Grilled Kimchi Grilled Cheese, an Unholy Union: Recipes of the Unfortunate

Love’s potency depends on taste.

Part of a series where individuals share their stories of misfortune and the recipes that got them through.

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Emma Rousseau-Koh, PhD Candidate of Anthropology, Seoul, South Korea


Father didn’t approve.

I was his only offspring and the last of our family’s pure-French bloodline. Supposedly, my mother was a descendent of Joan of Arc, my father a descendent of the philosopher Jean-Jacques Rousseau. As Rousseau would have argued, we can be liberated from the weight of such social constructs. When freed, however, human nature is not necessarily inherently good as he believed. Liberation comes with consequences for the status quo, the whole, and also the individual, however romantic, who breaks the existing social order.

Joan of Arc was, in fact, clinically insane by today’s standards. As for her death, she was burnt at the stake for heresy by the church. Only posthumously was she canonized as a saint. Make up your mind. Amazing how one’s sanity or sainthood is determined by these large institutional powers. Joan had overcome them courageously, I still believe. Or was she merely a victim, a martyr for her divine feminine destiny? All I know is that she had visions.

Byung-Woo, or “Brian” as he likes to call himself, was a teacher at my Korean language school. A self-professed Buddhist, he didn’t fit into the stereotypes I couldn’t help but construct of what I had came to know about Korean men in Seoul nor was he the average Buddhist. It had been my experience around drunk Korean men at bars that I was a mere object of novelty in their gaze –– exoticism reversed. Like the church, I went back and forth with my judgment on his intentions.

Judgment, he told me, was my issue. There are no once-and-for-all’s –– everything in the universe is in flux. There exists only states of change. It’s more musical than analytical, he explained. He must’ve known my study of interest in East Asian musical traditions because I found his argument persuasive.

“I think you’re just attracted to me because I look different –– like I’m a trophy or something. I won’t be that,” I told him that first evening.

“You’re not a trophy. Trophies are for players, and I’m playing no games right now.”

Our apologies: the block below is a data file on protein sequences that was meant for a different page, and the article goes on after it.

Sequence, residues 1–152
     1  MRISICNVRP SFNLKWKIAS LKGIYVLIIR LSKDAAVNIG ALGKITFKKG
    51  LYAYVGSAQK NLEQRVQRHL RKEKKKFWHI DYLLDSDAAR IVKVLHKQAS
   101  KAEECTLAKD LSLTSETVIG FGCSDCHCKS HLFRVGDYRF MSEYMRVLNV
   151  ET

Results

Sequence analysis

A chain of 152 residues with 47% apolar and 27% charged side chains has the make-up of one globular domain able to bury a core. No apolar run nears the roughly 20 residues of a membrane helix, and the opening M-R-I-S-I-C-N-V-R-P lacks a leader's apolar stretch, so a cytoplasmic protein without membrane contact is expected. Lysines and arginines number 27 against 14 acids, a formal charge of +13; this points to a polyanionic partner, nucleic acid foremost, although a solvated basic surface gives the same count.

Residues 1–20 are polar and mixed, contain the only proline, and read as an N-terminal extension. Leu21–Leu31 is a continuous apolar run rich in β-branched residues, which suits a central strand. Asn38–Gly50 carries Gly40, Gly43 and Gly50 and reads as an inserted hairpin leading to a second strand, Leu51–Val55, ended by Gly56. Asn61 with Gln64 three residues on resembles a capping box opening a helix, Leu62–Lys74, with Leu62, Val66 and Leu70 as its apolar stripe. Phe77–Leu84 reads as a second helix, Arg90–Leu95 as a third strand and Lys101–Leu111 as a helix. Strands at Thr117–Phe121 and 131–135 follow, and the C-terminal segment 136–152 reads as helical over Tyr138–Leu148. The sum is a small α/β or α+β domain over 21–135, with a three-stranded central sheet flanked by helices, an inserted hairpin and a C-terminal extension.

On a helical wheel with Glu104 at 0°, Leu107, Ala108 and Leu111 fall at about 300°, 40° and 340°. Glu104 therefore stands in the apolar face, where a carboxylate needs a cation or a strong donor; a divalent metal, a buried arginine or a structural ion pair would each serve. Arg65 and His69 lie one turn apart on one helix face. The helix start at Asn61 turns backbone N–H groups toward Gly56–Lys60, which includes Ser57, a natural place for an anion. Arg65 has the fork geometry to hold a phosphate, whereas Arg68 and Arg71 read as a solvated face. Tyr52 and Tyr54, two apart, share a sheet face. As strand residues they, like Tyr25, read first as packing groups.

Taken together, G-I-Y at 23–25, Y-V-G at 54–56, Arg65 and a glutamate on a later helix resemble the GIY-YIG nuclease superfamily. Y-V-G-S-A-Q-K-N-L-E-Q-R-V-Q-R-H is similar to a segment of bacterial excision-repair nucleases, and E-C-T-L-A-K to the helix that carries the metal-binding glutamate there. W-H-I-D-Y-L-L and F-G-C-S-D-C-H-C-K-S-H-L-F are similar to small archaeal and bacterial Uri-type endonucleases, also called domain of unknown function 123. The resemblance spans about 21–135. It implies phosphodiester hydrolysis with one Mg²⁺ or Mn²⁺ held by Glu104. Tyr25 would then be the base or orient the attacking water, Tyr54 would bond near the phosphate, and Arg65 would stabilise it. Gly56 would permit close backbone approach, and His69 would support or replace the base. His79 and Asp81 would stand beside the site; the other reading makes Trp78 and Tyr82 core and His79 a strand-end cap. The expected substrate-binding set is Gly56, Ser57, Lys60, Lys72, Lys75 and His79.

We made love soon after. It was a fluid cultural exchange.

When I told him of our engagement, my father was quiet. Perhaps, it was a phase, he wondered often. He passed away two months before the wedding. My mother walked me down the aisle. What caused his death we’ll never know.

Rumination, contrary to belief, has little value in solving issues –– it a modern manufacturing of Western psychoanalysis. Like the practice of exorcism, its benefits are only for those who have faith in it. Why bother looking behind?

I didn’t take well to kimchi at first. Only when it was grilled or stewed did the flavor become enjoyable and complex like a French cheese. Heat –– I discovered –– unlocks all the complexities of fermentation. It becomes less sour and more savory. Coupling the Korean cabbage with cheese –– American cheddar –– only serves to transform both beyond what the powers would like them to be. The providence of this marriage is a judgment that is not theirs but yours.

Avec Le Vide Les Pleins Pouvoirs,



Serves 1–2

*Double ingredients and process if making two sandwiches.


•2 slices of white bread
•2 slices of American cheddar (or grate your own)
•2–3 teaspoons butter
•1–3 tablespoons of chopped kimchi (at your potency preference)


*These images are, theoretically, using the maximum kimchi amount. Reduce for less potency.
  1. Chop kimchi into small pieces (best to use ripened or overly ripened kimchi).
  2. Add a small amount (1 tablespoon) of butter or oil to pan.
  3. When oil is hot, add kimchi to pan. Grill for about 5–7 minutes or until kimchi turns into a darker, more caramelized color.
  4. While kimchi is cooking, lay one slice of cheese on bread.
  5. After kimchi is done grilling, add kimchi on top of the slice of cheese, spreading evenly.
  6. Immediately, take the other slice of cheese and put it on top of kimchi so that the kimchi is covered on both sides in-between the two slices of cheese. The hot kimchi will help make the cheese especially gooey.
  7. Place the other slice of bread on top. Butter both sides.
  8. Place sandwich in hot pan.
  9. Use a pot lid or other flat surface to add weight to the top of the sandwich so that you get an even grill. Or simply apply moderate pressure on sandwich with spatula occasionally. Squish it some. Rotating the sandwich from time to time also helps get an even char.
  10. Remove from pan and let sandwich sit for 2 minutes because the cheese will be piping hot.
  11. Serve and enjoy.
A single’s serving.

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